“This for them was very different,” Hudson said, “because it was about them as people, and not clothes hangers.”

The shoots were relaxed and Hudson’s instructions were minimal: wear what you like, and refrain from tidying up beforehand. Outside of that, there was no wardrobe, no styling, no set direction. Still, Hudson said she was surprised by the reflexivity with which many of her models responded.

“A lot of the people I photographed said, ‘Well, should I take off my clothes?’ and I said, ‘Well, do you want to take off your clothes?’ A lot of them thought that was what was expected of them, regardless of the circumstance.” Hudson recalls an image of one male model standing shirtless in his rundown Christopher Street kitchen, a framed picture of Kate Moss in the background, “capital-M-modeling for me. It was kind of mindblowing.”

These are photos of professionally beautiful people, but what comes across is their awkwardness, listlessness, and uncertainty. “Kayla saving for a house” locks onto a young girl with sloe eyes and a crop top presenting a produce bag of quarters. A series of images called “Charlie at his parents’” finds the titular Charlie, lanky, shirtless, and with a fair number of tattoos, posing with his punching bag, changing his pants, dryly showing off a pet parrot, his determined hardness mostly betrayed by lingering acne. “Khorey & Torey, 2015,” shows a young man, shirtless and draped in his teenage track medals, examining a dusty trophy for the “Varsity Boys 4x800M Championship 2010.”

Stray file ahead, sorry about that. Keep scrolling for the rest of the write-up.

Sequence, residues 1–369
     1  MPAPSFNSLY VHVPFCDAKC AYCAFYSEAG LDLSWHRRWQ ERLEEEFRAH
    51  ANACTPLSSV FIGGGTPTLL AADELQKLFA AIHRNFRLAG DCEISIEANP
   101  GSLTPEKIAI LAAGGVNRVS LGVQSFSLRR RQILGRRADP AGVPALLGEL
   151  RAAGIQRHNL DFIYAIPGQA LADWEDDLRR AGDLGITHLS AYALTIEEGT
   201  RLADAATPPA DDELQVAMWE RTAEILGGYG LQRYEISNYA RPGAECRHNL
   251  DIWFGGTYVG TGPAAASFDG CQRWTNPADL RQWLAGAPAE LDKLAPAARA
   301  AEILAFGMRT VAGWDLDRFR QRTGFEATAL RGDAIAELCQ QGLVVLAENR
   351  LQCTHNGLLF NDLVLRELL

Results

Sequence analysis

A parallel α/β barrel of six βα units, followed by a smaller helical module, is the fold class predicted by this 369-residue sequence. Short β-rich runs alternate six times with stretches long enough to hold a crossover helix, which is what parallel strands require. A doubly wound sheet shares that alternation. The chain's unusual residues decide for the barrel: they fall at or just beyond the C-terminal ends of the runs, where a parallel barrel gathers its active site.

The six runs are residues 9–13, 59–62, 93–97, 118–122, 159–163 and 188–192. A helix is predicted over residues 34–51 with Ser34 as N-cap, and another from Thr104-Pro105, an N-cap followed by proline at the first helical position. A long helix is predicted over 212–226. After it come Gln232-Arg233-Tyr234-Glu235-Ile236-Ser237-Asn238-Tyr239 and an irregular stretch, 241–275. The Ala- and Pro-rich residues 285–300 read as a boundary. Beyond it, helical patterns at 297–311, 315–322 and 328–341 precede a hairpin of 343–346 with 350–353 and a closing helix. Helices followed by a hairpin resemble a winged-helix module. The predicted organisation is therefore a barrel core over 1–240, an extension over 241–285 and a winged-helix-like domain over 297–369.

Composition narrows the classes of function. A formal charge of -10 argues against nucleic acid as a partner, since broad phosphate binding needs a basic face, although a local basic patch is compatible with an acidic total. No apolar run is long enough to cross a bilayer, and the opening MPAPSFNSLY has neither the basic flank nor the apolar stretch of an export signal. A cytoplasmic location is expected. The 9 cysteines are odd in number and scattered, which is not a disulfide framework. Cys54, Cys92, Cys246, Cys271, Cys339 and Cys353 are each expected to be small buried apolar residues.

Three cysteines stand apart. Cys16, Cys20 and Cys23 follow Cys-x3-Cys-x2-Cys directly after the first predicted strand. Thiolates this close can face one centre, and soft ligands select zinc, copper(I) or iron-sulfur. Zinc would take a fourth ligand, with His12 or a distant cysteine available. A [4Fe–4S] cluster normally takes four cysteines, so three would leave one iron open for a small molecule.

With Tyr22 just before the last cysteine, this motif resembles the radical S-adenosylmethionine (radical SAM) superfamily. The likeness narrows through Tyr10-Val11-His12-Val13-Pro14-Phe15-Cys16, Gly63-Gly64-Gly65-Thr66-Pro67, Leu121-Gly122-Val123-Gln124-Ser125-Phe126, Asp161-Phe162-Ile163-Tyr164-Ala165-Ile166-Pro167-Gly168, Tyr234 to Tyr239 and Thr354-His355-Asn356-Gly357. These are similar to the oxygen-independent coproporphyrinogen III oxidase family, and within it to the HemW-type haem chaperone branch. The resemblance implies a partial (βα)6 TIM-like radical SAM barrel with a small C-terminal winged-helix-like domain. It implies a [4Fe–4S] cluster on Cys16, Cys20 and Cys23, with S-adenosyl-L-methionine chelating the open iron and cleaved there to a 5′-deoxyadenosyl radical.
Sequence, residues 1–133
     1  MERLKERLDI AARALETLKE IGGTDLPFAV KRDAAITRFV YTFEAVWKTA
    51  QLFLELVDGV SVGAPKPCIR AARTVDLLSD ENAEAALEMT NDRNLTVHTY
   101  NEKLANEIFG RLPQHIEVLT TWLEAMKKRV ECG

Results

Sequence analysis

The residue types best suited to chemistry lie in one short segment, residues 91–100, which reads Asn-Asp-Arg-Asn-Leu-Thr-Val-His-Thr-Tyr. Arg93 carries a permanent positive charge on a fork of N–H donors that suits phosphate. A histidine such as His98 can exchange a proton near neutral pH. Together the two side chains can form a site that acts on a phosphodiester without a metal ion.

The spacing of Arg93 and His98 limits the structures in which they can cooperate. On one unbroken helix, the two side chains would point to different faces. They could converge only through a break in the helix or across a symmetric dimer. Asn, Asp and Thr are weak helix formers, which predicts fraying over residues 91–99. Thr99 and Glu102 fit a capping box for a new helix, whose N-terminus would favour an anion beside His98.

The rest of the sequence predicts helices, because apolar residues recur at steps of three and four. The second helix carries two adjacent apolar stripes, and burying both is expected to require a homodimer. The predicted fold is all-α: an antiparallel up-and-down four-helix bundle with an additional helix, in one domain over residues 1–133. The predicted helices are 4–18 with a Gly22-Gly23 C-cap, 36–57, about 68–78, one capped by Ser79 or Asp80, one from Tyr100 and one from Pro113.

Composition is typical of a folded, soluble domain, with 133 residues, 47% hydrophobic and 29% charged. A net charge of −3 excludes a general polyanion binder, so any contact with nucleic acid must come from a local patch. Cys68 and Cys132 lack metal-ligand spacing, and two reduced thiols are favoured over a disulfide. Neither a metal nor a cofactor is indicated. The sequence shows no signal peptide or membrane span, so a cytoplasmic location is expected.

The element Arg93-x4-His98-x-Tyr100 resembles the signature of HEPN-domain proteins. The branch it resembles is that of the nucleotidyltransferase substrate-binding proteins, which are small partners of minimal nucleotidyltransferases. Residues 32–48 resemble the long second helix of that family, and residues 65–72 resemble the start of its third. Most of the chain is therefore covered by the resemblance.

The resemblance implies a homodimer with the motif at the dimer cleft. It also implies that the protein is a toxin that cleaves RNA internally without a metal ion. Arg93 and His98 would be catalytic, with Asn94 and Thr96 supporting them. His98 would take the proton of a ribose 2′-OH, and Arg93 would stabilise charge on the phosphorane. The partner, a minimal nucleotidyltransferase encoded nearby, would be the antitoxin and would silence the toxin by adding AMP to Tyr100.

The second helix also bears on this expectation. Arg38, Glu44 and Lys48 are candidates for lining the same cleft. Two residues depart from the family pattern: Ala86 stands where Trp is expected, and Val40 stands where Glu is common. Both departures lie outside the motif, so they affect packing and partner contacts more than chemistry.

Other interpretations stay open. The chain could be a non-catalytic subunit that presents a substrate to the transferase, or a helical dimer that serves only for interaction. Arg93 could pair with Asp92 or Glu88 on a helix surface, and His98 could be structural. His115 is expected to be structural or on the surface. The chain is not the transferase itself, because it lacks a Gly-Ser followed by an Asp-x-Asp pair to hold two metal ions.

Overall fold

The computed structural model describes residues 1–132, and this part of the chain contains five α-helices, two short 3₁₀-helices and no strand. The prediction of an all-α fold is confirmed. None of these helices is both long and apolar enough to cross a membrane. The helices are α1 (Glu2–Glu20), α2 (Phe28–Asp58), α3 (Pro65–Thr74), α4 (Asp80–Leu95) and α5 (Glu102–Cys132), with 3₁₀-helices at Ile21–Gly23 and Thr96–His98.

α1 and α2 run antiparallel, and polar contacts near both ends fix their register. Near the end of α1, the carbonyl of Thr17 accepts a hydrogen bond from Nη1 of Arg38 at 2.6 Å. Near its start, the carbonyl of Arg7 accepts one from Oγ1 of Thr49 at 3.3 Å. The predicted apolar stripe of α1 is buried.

A model apartment in Queens, which Hudson shot in 2009, looks like both a clearinghouse of testosterone and a fantasyland for lost boys—full of cheap peanut butter and white bread, Lucky Charms—the things you promise yourself as a child you’ll buy for your adult self. “It was one of the most surreal experiences I’ve had,” she said. “All boys, between 18-22, just working out, smoking weed, playing video games, and waiting, waiting to go on go-sees.”

Over the last ten years, Hudson says she was struck at how relevant the rough psychoanalytic framing device proved itself. “A lot of them really wanted to talk about their experiences,” she said. “And not only about modeling, but really their stories, and hopes and dreams and fears. I think as human beings, a lot of us have a real desire to feel seen and heard. And I think that they felt that way. For commercial work, a lot of models just put on the cool, detached, sexy model mask. I think a lot of them feel comfortable in that because it’s not revealing.”

Hudson told me she was preparing to move to Los Angeles, after spending her adult life in Germany. She provided a very abbreviated personal history: during her senior year of college she had met an older German man, married him, and had a baby. “I was basically a housewife in Germany when I was 23 years old,” she said. The poignancy of the project provided closure for her career in fashion photography, and clarity. “What I realized as I was shooting was, these are portraits of other people but they’re also a portrait of myself at that age, and the things I was going through, and it’s hilarious because it’s so obvious. But I figured it out much later.”